Computer: A History of the Information Machine traces the history of the computer and shows how business and government were the first to explore its unlimited, information-processing potential. Old-fashioned entrepreneurship combined with scientific know-how inspired now famous computer engineers to create the technology that became IBM. Wartime needs drove the giant ENIAC, the first fully electronic computer. Later, the PC enabled modes of computing that liberated people from room-sized, mainframe computers.
This third edition provides updated analysis on software and computer networking, including new material on the programming profession, social networking, and mobile computing. It expands its focus on the IT industry with fresh discussion on the rise of Google and Facebook as well as how powerful applications are changing the way we work, consume, learn, and socialize. Computer is an insightful look at the pace of technological advancement and the seamless way computers are integrated into the modern world. Through comprehensive history and accessible writing, Computer is perfect for courses on computer history, technology history, and information and society, as well as a range of courses in the fields of computer science, communications, sociology, and management.
Unofficial Minecraft Lab for KidsÂ is a collection of creative, collaborative projects that connect in-game challenges with hands-on activities that are both fun and educational.An Amazon Best Kidsâ Books of 2016 pick! Minecraft offers players an environment focused on exploration, imagination, and creation, but its nonlinear game structure can mean spending a lot of time in the game. With these labs, you can balance your child's screen time with real-life learning and interaction. You will start the book by brushing up on some common Minecraft language and examining each of the four game modes: survival, creative, adventure, and spectator. Then, youâll use this knowledge to venture off onto the six different quests that encourage child and adult participation. For each Lab, complete the hands-on activity in art, craft, or design, then build a related in-game project. Have fun with these creative projects and more:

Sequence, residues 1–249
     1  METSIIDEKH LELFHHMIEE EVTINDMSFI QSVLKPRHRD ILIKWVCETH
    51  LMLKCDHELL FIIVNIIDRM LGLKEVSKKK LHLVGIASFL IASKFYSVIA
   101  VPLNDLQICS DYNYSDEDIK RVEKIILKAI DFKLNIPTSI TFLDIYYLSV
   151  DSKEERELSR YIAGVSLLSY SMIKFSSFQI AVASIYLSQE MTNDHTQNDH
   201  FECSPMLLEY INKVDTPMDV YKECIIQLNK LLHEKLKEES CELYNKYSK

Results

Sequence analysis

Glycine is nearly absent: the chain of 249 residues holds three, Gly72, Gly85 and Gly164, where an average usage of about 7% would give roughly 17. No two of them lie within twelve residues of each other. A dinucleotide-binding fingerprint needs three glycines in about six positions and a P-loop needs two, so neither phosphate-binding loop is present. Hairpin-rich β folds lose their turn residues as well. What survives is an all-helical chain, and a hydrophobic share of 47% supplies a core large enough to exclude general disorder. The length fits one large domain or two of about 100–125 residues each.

Sticker badges at the back of the book reward your child as they complete each quest. You'll even learn how to screencast and narrate your own videos to share with family and friends. Unofficial Minecraft Lab for Kids provides fun, educational gaming goals that you and your child can reach together! The popular Lab for Kids series features a growing list of books that share hands-on activities and projects on a wide host of topics, including art, astronomy, clay, geology, math, and even how to create your own circusâall authored by established experts in their fields. Each lab contains a complete materials list, clear step-by-step photographs of the process, as well as finished samples. The labs can be used as singular projects or as part of a yearlong curriculum of experiential learning. The activities are open-ended, designed to be explored over and over, often with different results. Geared toward being taught or guided by adults, they are enriching for a range of ages and skill levels. Gain firsthand knowledge on your favorite topic with Lab for Kids.
Hacking Europe traces the user practices of chopping games in Warsaw, hacking software in Athens, creating chaos in Hamburg, producing demos in Turku, and partying with computing in Zagreb and Amsterdam. Focusing on several European countries at the end of the Cold War, the book shows the digital development was not an exclusively American affair. Local hacker communities appropriated the computer and forged new cultures around it like the hackers in Yugoslavia, Poland and Finland, who showed off their tricks and creating distinct âdemoscenes.â Together the essays reflect a diverse palette of cultural practices by which European users domesticated computer technologies. Each chapter explores the mediating actors instrumental in introducing and spreading the cultures of computing around Europe. More generally, the âludologicalâ element--the role of mischief, humor, and play--discussed here as crucial for analysis of hacker culture, opens new vistas for the study of the history of technology.
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